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The ever scrolling list view of Instagram has a special property. Since the height of each list item can vary, the title (containing the user’s profile photo, name and location), stays until the entire item scrolls out of visible area. This is a cool modification of the accordion views we see in HTML.


(i) Normal ListView. (ii) ListView starts scrolling, and the title of the first list item stays. (iii) With further scrolling, the title of the first item starts scrolling too.

How hard would it be to implement this in Android? If we can monitor the scrolling of the ListView, we would be able to change the position of the title, as the list scrolls. Thankfully Android provides a way to listen for the scrolling of the list through the AbsListView.OnScrollListener interface.

Let’s create a simple list item with a title and content. The title should be above the content, hence it should be the last element in a RelativeLayout. Also, setting android:layout_alignParentTop on title would try to enforce the rule every time the layout parameters change. Hence it’s better not to add the rule to avoid jitter effect.

    <RelativeLayout android:layout_width="fill_parent"
                    android:layout_height="wrap_content">

        <!-- This has the margin of the title view -->
        <TextView android:id="@+id/content"
                  android:layout_width="fill_parent"
                  android:layout_height="150dp"
                  android:layout_marginTop="50dp"/>

        <!-- This shouldn't be aligned to the top -->
        <TextView android:id="@+id/title"
                  android:layout_width="fill_parent"
                  android:layout_height="150dp"/>

    </RelativeLayout>

Monitoring the scrolling of ListView and updating the title is straightforward. However, there are few catches. The listener is called even when the ListView isn’t scrolling. This is the SCROLL_STATE_IDLE. We shouldn’t be re-laying out the views in this state. Also, when the user flings down, it’s highly likely that the title hasn’t reached the top of its container and has moved to be the second visible item in the list. This wouldn’t reset the top margin of the title view. Hence, we should reset the top margin of the title view of all visible items, except the first one.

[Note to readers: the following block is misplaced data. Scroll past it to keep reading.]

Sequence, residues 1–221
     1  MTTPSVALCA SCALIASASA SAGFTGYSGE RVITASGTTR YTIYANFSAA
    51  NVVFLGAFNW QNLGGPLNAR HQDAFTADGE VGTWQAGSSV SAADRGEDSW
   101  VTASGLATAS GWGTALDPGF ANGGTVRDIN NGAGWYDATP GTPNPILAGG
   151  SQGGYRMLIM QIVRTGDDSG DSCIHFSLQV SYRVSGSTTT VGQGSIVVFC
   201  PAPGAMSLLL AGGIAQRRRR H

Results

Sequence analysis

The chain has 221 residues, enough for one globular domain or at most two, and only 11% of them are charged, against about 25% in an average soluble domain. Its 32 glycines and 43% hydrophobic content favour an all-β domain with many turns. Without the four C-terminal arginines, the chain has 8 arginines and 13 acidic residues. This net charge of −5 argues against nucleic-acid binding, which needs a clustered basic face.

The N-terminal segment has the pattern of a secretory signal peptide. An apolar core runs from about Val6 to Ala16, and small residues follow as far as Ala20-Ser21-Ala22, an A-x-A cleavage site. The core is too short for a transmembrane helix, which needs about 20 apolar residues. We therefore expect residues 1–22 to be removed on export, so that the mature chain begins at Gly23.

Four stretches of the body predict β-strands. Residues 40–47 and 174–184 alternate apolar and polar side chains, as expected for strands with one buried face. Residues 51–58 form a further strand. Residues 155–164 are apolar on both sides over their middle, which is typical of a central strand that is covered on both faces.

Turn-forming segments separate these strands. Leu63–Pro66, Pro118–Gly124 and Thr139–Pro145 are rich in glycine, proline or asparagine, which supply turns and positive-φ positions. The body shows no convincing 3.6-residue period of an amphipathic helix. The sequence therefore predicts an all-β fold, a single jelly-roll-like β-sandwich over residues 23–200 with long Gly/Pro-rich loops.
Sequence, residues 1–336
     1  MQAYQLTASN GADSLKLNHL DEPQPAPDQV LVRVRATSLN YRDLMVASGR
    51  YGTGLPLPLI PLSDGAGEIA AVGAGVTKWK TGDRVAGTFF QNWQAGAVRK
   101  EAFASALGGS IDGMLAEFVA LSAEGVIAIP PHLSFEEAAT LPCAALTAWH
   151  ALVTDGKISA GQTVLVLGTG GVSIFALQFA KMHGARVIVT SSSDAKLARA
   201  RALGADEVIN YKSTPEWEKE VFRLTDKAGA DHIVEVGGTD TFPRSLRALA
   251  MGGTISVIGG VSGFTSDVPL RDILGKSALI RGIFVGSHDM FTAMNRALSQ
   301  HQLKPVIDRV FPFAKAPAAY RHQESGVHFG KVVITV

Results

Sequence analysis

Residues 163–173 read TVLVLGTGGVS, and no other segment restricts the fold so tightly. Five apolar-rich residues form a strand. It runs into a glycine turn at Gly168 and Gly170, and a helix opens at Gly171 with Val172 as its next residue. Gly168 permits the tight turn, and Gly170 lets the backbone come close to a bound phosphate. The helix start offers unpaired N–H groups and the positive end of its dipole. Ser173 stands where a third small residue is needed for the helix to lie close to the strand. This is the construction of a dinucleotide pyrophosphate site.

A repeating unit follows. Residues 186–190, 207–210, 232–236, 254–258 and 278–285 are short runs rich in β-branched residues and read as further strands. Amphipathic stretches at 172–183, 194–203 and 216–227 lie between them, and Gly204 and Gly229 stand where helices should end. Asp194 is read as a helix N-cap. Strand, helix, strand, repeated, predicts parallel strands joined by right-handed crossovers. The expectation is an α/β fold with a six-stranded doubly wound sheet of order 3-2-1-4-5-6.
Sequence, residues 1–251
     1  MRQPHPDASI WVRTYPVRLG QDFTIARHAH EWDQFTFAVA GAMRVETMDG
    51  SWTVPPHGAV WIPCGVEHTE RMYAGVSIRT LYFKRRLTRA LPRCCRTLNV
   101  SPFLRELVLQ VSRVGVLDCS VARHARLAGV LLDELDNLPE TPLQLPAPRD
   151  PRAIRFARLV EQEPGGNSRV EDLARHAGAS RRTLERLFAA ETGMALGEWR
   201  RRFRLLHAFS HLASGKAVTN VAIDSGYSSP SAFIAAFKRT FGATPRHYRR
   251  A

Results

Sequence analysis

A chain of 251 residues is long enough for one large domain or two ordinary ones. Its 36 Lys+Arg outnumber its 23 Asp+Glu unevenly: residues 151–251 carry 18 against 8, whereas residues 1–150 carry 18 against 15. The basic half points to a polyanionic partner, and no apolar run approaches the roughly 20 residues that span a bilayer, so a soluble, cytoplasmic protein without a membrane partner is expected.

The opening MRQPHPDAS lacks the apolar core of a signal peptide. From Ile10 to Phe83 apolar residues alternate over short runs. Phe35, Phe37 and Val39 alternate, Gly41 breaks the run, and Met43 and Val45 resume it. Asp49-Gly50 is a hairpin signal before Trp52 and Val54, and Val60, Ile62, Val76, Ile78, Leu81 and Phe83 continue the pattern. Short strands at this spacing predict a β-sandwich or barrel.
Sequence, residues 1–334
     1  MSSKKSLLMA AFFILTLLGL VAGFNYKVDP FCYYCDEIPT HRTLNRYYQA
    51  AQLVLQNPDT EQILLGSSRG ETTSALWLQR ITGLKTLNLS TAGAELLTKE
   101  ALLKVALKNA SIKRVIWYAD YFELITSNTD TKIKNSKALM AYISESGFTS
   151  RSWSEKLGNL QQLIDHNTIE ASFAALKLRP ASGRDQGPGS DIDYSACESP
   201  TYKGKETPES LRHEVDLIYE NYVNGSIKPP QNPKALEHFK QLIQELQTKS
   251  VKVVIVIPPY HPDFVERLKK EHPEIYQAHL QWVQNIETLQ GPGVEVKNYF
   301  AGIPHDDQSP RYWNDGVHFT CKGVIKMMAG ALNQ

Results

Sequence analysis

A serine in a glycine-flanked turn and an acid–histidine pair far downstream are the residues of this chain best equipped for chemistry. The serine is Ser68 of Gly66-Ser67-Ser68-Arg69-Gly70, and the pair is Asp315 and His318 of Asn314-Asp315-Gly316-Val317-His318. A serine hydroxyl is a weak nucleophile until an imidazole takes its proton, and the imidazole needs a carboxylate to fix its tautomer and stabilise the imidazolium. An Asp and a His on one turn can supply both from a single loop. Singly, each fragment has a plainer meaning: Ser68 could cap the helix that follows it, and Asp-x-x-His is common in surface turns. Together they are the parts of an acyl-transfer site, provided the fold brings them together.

// OnScrollListener is the AbsListView.OnScrollListener.
    _our_list_view.setOnScrollListener(new OnScrollListener() {
        int mScrollState = OnScrollListener.SCROLL_STATE_IDLE;

        @Override
        public void onScrollStateChanged(AbsListView view, int scrollState) {
            // Store the state to avoid re-laying out in IDLE state.
            mScrollState = scrollState;
        }

        @Override
        public void onScroll(AbsListView list, int firstItem, int visibleCount, int totalCount) {
            // Nothing to do in IDLE state.
            if (mScrollState == OnScrollListener.SCROLL_STATE_IDLE)
                return;

            for (int i=0; i < visibleCount; i++) {
                View listItem = list.getChildAt(i);
                if (listItem == null)
                    break;

                TextView title = (TextView) listItem.findViewById(R.id.title);

                int topMargin = 0;
                if (i == 0) {
                    int top = listItem.getTop();
                    int height = listItem.getHeight();

                    // if top is negative, the list item has scrolled up.
                    // if the title view falls within the container's visible portion,
                    //     set the top margin to be the (inverse) scrolled amount of the container.
                    // else
                    //     set the top margin to be the difference between the heights.
                    if (top < 0)
                        topMargin = title.getHeight() < (top + height) ? -top : (height - title.getHeight());
                }

                // set the margin.
                ((ViewGroup.MarginLayoutParams) title.getLayoutParams()).topMargin = topMargin;

                // request Android to layout again.
                listItem.requestLayout();
            }
        }
     });

Happy hacking!

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